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Välkommen to Swedish Day
Geneva festival teaches about history, food and fun
By Mark Foster | Daily Herald Correspondent

Participants dance around the maypole to start the 97th Annual Swedish Day in Geneva Sunday.


John Starks | Staff Photographer

Ray Nilson, a native of Norway who now lives in Des Plaines, plays the accordion at the 97th Annual Swedish Day in Geneva Sunday.


John Starks | Staff Photographer

Three girls wearing traditional Swedish clothing watch as the maypole is raised Sunday during the 97th Annual Swedish Day in Geneva.


John Starks | Staff Photographer

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Published: 6/16/2008 12:11 AM

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About the only time in her life that Marguerite Karl has missed the annual Swedish Day celebration at Geneva's Good Templar Park was when she went to Sweden to see the real thing.

"This is very authentic," the St. Charles woman said of Sunday's festival, which featured dozens of people dressed in traditional Swedish attire dancing around a flower-covered maypole.

Karl was resplendent in a finely woven wool dress of blue and yellow, Sweden's national colors. It was embroidered with daisies and finished with bodice closures and decorative pins made of hammered silver.

Later, Karl led the Swedish American Children's Choir in traditional songs, all part of the Swedish culture on display at the park, which has hosted the celebration since 1925.

Visitors feasted on Swedish meatballs and other Scandinavian fare, marveled at an historic Viking ship and visited the quaint cottages that dot the park.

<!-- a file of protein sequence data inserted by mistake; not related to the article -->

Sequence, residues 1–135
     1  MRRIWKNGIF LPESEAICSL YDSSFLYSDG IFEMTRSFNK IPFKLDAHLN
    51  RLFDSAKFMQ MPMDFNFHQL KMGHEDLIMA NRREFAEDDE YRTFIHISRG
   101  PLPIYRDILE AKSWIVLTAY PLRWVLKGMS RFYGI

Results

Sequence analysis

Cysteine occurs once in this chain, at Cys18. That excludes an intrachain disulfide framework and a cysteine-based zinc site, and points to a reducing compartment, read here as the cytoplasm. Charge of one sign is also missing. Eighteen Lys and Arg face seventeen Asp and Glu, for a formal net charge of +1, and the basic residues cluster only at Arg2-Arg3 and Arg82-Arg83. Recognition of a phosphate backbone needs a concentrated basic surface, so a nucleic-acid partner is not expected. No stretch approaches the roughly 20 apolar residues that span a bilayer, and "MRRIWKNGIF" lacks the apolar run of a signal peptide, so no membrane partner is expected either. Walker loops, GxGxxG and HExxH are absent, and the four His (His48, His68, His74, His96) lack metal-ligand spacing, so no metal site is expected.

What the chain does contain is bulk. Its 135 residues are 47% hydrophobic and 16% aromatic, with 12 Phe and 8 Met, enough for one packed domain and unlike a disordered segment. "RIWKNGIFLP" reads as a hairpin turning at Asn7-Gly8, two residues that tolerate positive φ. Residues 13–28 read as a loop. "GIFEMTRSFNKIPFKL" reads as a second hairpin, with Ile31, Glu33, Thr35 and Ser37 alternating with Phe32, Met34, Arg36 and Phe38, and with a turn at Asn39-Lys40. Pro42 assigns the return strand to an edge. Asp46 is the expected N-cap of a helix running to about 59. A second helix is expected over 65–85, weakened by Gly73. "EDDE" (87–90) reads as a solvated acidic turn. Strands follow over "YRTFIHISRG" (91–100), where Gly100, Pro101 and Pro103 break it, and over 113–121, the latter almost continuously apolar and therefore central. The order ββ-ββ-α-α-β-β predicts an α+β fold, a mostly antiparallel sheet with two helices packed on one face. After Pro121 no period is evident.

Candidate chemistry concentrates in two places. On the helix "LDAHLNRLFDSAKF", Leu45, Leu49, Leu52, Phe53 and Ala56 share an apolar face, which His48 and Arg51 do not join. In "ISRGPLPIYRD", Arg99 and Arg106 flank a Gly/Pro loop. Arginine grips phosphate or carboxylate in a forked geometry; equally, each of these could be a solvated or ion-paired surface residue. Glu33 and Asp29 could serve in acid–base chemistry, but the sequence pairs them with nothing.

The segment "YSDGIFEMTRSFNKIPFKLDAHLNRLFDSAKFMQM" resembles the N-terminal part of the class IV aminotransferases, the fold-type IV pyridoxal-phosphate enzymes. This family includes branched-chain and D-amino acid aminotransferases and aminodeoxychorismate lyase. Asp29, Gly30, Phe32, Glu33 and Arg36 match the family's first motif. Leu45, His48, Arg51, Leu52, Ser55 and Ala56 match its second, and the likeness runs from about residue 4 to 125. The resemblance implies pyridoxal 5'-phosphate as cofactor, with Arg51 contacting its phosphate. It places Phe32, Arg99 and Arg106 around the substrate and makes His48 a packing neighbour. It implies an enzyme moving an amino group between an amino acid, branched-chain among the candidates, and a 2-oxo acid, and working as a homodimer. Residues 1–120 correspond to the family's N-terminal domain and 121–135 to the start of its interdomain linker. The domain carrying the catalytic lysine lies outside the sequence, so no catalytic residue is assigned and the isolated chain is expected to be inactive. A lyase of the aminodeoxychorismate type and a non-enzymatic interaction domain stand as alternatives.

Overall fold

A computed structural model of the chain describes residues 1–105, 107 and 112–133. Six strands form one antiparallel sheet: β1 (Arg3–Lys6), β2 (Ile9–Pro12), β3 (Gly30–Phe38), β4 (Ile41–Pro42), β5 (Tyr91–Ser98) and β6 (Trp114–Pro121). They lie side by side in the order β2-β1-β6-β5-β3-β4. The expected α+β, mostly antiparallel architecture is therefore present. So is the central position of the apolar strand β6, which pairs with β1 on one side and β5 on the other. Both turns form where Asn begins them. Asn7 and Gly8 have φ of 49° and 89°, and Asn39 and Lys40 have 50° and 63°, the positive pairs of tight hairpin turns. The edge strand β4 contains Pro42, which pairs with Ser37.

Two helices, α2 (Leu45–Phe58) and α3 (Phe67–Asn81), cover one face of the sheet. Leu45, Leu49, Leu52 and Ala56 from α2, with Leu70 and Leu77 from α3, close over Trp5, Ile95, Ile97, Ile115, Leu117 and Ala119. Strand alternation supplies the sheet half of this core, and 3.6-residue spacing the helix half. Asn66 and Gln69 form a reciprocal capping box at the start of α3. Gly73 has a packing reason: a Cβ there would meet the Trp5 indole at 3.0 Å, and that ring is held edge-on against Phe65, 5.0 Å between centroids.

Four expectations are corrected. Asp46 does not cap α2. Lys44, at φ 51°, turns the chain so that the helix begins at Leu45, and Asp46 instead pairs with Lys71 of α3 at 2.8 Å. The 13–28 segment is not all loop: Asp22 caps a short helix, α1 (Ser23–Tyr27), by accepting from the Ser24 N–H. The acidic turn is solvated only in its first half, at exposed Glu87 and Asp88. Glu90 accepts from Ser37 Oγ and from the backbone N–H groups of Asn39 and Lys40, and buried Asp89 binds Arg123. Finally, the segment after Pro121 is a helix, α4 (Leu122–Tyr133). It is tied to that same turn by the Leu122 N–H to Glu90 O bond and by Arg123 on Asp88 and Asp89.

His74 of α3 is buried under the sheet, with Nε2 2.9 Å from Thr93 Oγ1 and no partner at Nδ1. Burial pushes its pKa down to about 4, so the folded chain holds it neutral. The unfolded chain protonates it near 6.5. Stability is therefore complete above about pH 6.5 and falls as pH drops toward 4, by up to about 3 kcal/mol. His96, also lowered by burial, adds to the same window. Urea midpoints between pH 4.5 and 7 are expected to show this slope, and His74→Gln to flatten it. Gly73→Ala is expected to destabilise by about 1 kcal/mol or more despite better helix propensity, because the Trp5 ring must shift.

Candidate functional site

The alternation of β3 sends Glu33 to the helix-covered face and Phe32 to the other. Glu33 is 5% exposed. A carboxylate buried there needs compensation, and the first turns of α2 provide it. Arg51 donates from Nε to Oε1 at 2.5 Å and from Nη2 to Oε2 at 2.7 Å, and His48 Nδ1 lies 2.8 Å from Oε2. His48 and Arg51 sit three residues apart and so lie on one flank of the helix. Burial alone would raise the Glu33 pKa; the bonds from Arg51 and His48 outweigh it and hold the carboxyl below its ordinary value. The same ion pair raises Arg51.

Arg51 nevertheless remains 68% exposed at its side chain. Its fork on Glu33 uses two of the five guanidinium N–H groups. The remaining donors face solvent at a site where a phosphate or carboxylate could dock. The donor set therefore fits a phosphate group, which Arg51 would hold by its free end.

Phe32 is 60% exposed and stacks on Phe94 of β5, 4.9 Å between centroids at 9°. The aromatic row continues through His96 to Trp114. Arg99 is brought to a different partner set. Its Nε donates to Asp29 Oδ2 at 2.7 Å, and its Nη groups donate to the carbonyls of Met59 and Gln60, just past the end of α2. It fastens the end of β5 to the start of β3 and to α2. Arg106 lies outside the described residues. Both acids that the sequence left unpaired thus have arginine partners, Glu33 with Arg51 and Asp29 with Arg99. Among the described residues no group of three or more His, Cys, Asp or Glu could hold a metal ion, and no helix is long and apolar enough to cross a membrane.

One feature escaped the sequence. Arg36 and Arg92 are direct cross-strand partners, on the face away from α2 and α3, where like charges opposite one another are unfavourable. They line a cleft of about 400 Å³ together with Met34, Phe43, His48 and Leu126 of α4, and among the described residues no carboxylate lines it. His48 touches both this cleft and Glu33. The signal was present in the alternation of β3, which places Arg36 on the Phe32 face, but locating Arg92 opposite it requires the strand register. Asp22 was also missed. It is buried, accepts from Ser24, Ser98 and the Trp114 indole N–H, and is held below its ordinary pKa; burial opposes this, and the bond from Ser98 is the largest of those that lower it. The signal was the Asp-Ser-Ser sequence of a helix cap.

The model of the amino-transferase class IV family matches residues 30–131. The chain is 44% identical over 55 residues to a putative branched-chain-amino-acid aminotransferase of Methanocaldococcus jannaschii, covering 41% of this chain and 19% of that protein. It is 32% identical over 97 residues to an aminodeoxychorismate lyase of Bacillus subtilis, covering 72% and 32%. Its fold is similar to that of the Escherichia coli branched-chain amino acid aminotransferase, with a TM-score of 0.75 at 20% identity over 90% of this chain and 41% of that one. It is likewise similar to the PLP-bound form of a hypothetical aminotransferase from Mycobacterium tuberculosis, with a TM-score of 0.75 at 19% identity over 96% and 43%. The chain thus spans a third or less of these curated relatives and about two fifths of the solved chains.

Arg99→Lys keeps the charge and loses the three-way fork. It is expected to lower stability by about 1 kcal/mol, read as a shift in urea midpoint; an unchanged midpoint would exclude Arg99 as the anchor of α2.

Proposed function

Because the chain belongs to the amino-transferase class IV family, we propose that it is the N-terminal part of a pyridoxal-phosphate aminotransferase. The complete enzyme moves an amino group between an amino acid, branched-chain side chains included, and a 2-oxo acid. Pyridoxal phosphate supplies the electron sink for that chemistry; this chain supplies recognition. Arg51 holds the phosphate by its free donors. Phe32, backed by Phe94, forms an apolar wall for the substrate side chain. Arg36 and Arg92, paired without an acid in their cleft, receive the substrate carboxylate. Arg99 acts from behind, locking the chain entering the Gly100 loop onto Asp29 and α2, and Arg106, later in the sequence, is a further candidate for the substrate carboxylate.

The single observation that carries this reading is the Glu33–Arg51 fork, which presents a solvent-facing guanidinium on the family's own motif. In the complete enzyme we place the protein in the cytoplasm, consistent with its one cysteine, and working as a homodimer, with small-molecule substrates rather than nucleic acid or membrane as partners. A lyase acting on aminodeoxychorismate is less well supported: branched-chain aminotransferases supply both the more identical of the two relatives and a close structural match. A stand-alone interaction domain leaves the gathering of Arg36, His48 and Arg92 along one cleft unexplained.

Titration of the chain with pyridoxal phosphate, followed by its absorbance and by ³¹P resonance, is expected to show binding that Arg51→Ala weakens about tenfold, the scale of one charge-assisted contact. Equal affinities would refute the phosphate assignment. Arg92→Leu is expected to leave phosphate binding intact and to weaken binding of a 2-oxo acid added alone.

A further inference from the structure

Also wearing traditional Swedish garb was Haley Hanson, 14, of St. Charles who was crowned the Midsummer Celebration Queen. She's of Swedish heritage and sings in the Swedish American Children's Choir.

Located on Geneva's East Side Drive, the 66-acre park is owned and operated by several area chapters of the Order of Good Templars, a temperance group founded in 1851 in New York and had great influence in Scandinavian countries.

The annual "Midsommer" celebration in Chicago had become so successful that in 1924, several Good Templar lodges banded together to buy the land in Geneva to have a permanent home for their festival.

By the 1930s, members of the Good Templars were building "stugas," Swedish for cabins or cottages, on the sprawling, wooded property.

At Sunday's festival, visitors were able to tour inside several of the 51 tiny cottages, each privately owned by individual members of the Good Templars, who take a vow of abstinence from alcohol.

As usual, the Viking ship, Raven, was a major attraction as visitors admired the 76-foot-long ship's graceful lines and unique history. It sailed across the Atlantic Ocean 115 years ago to assert that it was the Norsemen who had arrived first in America, centuries before Christopher Columbus.

After a trip through the Erie Canal and the Great Lakes, the Raven arrived at Chicago's Lake Michigan shore July 12, 1893, when the World's Fair was under way.

The ship remained in Chicago before finding a home at Good Templar Park about a dozen years ago.

This year, visitors to the festival could see that efforts are being made to protect the wooden ship and learned about restoration plans. After the ship appeared on last year's list of the 10 Most Endangered Places in Illinois, American Express awarded a $52,000 grant to repair and preserve the ship's wooden timbers.

"The main thing is that there are a lot of local groups involved and working together," said Roy Roe, of West Chicago, a member of the Good Templars.

The giant tent that has afforded the ship minimal protection has been repaired, improved and extended. Soon, work will be done to better stabilize the vessel, which sits on a cradle of steel girders.